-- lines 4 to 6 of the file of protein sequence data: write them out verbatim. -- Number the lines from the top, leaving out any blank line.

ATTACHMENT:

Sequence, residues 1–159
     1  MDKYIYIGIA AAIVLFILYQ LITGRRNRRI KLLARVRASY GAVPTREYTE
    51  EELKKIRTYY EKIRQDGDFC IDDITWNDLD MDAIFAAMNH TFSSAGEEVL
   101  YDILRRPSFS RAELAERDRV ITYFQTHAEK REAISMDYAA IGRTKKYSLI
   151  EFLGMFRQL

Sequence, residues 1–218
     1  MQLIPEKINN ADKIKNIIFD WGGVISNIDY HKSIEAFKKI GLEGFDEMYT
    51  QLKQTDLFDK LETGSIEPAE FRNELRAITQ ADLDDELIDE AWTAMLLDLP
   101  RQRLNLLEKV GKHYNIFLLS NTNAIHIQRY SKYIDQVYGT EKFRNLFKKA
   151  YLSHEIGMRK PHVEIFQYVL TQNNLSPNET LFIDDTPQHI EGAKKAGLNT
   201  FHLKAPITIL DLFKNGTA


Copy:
   101  YDILRRPSFS RAELAERDRV ITYFQTHAEK REAISMDYAA IGRTKKYSLI
   151  EFLGMFRQL

Sequence, residues 1–218